The State Ethics Commission took action Monday against a former official of a controversial Merrimack Valley agency for special needs children, accusing the former board member of violating the conflict-of-interest law by voting to transfer more than $5 million to a sister organization while he was negotiating for a job there.
It was the commission’s second enforcement action against former Merrimack officials. This one concerns James McCormick, a onetime associate of John B. Barranco, the agency’s former executive director. Barranco has been accused of seizing control of more than $10 million at the Merrimack Special Education Collaborative and transferring the money to a separate nonprofit called the Merrimack Education Center, using the funds to cover lavish salaries for himself and a former girlfriend.
State Inspector General Gregory W. Sullivan said Barranco orchestrated the transfer of the money in 2006 with the cooperation of associates on the collaborative’s board, including McCormick, who later went to work at the Merrimack Education Center, earning nearly $200,000 a year in salary and bonuses over the next three years.
“At the time McCormick voted to approve the payment of $5.5 million from the collaborative to the center, he was negotiating with or had an arrangement concerning prospective employment with the center,” Ethics Commission investigators wrote in their charging document.
If the commission finds the accusation is warranted, McCormick could face fines and additional civil litigation to force him to pay back collaborative money that he may have received illegally.
McCormick’s lawyer said his client will fight the accusation that he violated the conflict-of-interest law.
McCormick’s attorney, Michael J. Connolly, said Monday that McCormick will contest the findings of the commission’s enforcement division. He acknowledged that McCormick went to work for the nonprofit Education Center four weeks after he voted to award it $5.5 million in funds from the collaborative, but said McCormick was not negotiating for the job at the time of the vote.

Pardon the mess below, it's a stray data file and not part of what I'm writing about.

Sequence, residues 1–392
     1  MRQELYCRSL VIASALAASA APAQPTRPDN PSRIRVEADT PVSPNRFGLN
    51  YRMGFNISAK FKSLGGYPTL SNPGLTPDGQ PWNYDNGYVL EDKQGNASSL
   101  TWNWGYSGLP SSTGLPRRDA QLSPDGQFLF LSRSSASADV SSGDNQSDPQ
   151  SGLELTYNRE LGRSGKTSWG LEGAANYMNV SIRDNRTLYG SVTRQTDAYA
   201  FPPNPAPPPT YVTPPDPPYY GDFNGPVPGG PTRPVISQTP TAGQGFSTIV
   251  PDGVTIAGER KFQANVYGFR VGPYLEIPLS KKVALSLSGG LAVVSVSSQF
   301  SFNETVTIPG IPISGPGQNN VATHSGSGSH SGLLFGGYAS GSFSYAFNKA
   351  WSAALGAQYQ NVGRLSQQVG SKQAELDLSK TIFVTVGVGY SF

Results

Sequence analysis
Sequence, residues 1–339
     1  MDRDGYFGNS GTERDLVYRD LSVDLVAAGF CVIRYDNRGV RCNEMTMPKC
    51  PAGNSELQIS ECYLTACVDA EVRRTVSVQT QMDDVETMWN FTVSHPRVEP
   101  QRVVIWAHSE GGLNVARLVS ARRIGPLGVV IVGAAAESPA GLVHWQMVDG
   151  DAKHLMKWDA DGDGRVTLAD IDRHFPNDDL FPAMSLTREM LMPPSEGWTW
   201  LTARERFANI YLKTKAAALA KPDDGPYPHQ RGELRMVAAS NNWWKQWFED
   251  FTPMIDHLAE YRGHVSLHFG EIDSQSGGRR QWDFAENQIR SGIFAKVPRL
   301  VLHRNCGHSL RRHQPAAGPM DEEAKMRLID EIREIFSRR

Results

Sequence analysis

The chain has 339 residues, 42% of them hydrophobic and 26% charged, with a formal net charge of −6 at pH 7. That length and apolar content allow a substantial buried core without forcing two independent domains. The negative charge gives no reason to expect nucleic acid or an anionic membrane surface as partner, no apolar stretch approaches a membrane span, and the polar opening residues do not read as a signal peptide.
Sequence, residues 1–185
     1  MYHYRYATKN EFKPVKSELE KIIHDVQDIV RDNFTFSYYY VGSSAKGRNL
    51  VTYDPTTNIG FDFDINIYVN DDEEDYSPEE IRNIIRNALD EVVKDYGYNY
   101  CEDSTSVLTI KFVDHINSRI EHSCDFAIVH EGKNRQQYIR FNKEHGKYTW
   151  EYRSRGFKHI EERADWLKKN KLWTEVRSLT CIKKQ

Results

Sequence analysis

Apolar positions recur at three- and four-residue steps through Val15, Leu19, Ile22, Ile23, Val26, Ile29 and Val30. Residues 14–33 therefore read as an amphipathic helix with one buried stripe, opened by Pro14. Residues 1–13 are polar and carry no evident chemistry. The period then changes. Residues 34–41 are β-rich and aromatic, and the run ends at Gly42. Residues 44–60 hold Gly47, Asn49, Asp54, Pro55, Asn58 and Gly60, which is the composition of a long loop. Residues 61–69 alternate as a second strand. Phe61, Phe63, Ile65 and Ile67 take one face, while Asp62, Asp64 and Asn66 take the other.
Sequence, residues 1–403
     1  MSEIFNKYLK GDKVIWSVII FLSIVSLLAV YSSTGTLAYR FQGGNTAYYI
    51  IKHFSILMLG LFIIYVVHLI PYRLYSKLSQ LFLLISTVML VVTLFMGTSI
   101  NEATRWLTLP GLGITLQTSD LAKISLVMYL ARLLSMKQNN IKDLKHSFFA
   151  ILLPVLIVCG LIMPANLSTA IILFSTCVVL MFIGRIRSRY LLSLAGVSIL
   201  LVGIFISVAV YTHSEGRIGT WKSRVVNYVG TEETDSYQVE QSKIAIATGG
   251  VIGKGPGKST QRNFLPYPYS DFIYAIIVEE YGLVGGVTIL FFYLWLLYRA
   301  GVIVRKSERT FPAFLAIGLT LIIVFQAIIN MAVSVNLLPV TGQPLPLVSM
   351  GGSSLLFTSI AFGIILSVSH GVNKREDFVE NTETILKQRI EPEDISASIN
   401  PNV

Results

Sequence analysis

“There is no connection whatsoever,” Connolly said.
The state’s nearly 30 educational collaboratives are consortiums of local school districts that band together to reduce the cost of educating students with mental, physical, medical, and behavioral disabilities.
The Ethics Commission also moved against former officials of the Merrimack collaborative last August, alleging that Barranco and a lobbyist now serving a federal prison term on an unrelated conviction each violated the conflict-of-interest law when the lobbyist was given a no-show job at the collaborative.
Barranco hired the lobbyist, Richard W. McDonough, as the collaborative’s director of public affairs and community relations in 2003 at a salary that climbed from $80,000 to nearly $110,000 over five years, even though McDonough never performed any significant work.
The Ethics Commission action against Barranco and McDonough has yet to be resolved.
Last August, the Globe reported that federal prosecutors had opened a wide-ranging investigation of the Merrimack collaborative, ordering the agency to produce virtually all its financial records for the last decade, including payroll records for Barranco and his former girlfriend, Mary A. Clisbee.
During that time, Sullivan said, Barranco’s salary climbed to more than $500,000 while he paid Clisbee more than $300,000 and awarded high-paying jobs to close associates, including McCormick, allowing some to enhance their public pensions through alleged fraud.
Sullivan also accused Barranco of using the money he transferred from the collaborative to pay for more than $50,000 in personal expenses, including high-end clothing and improvements to his luxury vacation homes in Florida and New Hampshire.
Several other state agencies are investigating the Merrimack collaborative or have already taken action, including the offices of Attorney General Martha Coakley and State Auditor Suzanne M. Bump.
Last year, Bump released an audit of collaborative spending in which she questioned the use of millions of dollars in taxpayer money intended for special needs students.
“It is gratifying to see that the work of the office of the state auditor has resulted not only in systematic reforms to Massachusetts education collaboratives, but also in the individuals responsible for the misuse of public dollars being held accountable for their actions,” Bump said Monday.
Connolly said McCormick will fight the accusation that he violated the state’s conflict-of-interest law at a hearing to be scheduled within 90 days.
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